fair housing act

The month of April commemorates the passing of the Fair Housing Act of 1968 — a law that is still relevant for real estate agents today. Fifty-three years after the law passed, real estate agents remain in a unique position to uphold and advance the standards of fair housing opportunities as pillars of the communities they serve. 

The History of the Fair Housing Act

President Lydon Johnson signed the act on April 11, 1968, declaring a national policy of fair housing. The law makes it illegal to discriminate in the sale, lease, or financing of housing based on race, religion, sex, national origin, familial status, or disability.

The enactment of the Fair Housing Act followed the tragic assassination of Rev. Dr. Martin Luther King, Jr. on April 4, 1968. Dr. King’s death and close association with the fair housing legislation incited congress to approve of the bill’s passage just seven days later as an homage to Dr. King’s life work. 

Fair Housing Today 

Today, April is known as Fair Housing Month and is a reminder to recommit to the values and practices that support equality in housing opportunities. Although overt discrimination such as redlining or blockbusting is no longer widespread practices, discrimination still exists today. 

According to the Department of Housing and Urban Development,

Last year, HUD and its Fair Housing Assistance Program partner agencies received more than 7,700 complaints alleging discrimination based on one or more of the Fair Housing Act’s seven protected classes: race, color, national origin, religion, sex, family status, and disability. During that period, the categories with the highest number of complaints were disability and race, respectively.

As Secretary of Housing and Urban Development Marcia Fudge mentioned in her 2021 commemorative statement on the Fair Housing Act, there is a bigger need for fair housing now more than ever. She went on to say that

the racial ownership gap is wider today than it was over fifty year ago when the Fair Housing Act was first enacted.

As real estate agents in the present day, it’s important to remember the history of discrimation in housing to provide a foundation for the values of equality we have today. If you’re a real estate broker/owner or real estate team leader, consider celebrating the Fair Housing Month with your agents and get free access to a Fair Housing Month background for your team meetings or huddles.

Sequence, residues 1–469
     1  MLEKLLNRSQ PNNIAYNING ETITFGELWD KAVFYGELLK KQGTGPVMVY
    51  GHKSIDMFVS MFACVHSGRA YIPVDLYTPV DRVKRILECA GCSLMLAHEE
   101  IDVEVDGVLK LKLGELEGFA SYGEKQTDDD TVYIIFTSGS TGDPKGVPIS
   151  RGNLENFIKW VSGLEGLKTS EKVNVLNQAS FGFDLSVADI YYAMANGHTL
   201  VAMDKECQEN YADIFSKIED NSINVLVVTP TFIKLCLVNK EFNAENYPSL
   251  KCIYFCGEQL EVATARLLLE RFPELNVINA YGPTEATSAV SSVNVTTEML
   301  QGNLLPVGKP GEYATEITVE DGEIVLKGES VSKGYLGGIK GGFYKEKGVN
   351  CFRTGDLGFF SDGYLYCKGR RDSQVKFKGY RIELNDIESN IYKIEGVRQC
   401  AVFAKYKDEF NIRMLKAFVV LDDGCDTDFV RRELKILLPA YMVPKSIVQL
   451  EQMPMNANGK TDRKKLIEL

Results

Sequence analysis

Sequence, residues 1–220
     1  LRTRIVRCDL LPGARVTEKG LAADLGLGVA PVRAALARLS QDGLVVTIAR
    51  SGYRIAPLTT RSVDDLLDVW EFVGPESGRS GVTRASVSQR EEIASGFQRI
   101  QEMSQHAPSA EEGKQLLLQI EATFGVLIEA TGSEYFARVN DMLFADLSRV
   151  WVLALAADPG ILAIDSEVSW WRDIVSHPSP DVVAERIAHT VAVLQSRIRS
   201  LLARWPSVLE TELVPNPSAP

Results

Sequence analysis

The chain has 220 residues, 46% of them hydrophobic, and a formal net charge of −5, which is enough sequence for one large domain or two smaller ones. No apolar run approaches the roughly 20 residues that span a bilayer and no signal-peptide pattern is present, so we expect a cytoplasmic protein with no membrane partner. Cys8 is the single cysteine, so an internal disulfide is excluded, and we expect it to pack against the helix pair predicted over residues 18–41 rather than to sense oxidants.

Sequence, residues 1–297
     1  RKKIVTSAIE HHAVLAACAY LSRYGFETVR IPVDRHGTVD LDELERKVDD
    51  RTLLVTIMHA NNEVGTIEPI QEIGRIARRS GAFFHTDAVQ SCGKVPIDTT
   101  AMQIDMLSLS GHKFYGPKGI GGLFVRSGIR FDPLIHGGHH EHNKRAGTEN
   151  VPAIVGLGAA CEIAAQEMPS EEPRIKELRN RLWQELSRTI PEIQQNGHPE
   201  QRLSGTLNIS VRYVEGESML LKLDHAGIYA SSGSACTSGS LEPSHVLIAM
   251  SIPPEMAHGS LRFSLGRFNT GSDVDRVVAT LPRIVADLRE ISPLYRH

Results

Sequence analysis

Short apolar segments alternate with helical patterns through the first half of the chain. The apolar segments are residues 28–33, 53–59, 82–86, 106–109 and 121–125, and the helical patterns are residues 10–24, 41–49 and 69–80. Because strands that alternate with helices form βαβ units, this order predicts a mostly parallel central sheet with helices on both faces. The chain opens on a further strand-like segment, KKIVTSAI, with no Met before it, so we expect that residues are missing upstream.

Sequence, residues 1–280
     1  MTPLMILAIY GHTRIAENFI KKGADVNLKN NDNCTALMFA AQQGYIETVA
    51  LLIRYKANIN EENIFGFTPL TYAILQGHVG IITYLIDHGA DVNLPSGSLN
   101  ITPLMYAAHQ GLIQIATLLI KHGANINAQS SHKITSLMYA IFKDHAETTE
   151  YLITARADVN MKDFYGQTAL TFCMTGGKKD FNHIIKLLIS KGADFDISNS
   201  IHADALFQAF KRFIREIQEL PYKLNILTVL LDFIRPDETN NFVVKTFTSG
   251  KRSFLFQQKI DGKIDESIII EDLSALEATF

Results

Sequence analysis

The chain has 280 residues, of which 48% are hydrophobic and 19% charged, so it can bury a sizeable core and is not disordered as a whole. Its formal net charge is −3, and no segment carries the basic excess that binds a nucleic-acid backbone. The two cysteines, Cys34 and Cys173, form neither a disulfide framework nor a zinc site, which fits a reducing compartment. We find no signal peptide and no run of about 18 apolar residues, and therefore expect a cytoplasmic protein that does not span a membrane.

Future of Fair Housing 

April of 1986 marked a huge step in the right direction for fair housing but hardly concluded the issues of inequality in the American housing market.

The Act requires communities and the federal government to proactively further fair housing residential integration, and equal opportunity goals; however, equal opportunity in housing remains a major challenge, with collateral impact far beyond four walls and a roof.

Policy Link

The nation still has a long way to go to provide equal opportunities and to close the gaps created by a long history of discrimination. Real estate agents have the opportunity to be agents of change and progress as they represent buyers and sellers in their communities with the intention of providing equitable service. 

Workman Success Systems offers real estate coaching and training with a focus on ethics and integrity — helping our clients to support the Fair Housing Act and appropriately accommodate clients based on their needs. If you want to develop your skills to provide exceptional service as a real estate agent, schedule a free consultation to learn more about Workman Success Systems’ coaching and training options. 

Sources 

https://www.investopedia.com/terms/r/redlining.asp

https://www.fool.com/millionacres/real-estate-market/what-is-blockbusting-in-real-estate-a-guide-for-real-estate-investors/

https://www.hud.gov/press/press_releases_media_advisories/HUD_No_21_050

https://www.policylink.org/Library/TheFutureOfFairHousing


About the Author: 

Aiden is a professional writer, editor, and content creator for Workman Success Systems. After copyediting for the Daily Chronicle newspaper and the University of Utah Press, she graduated with a B.A. in English. Since graduating, she has focused on creating engaging content for the real estate industry and is now the managing editor for Workman Success Systems. 

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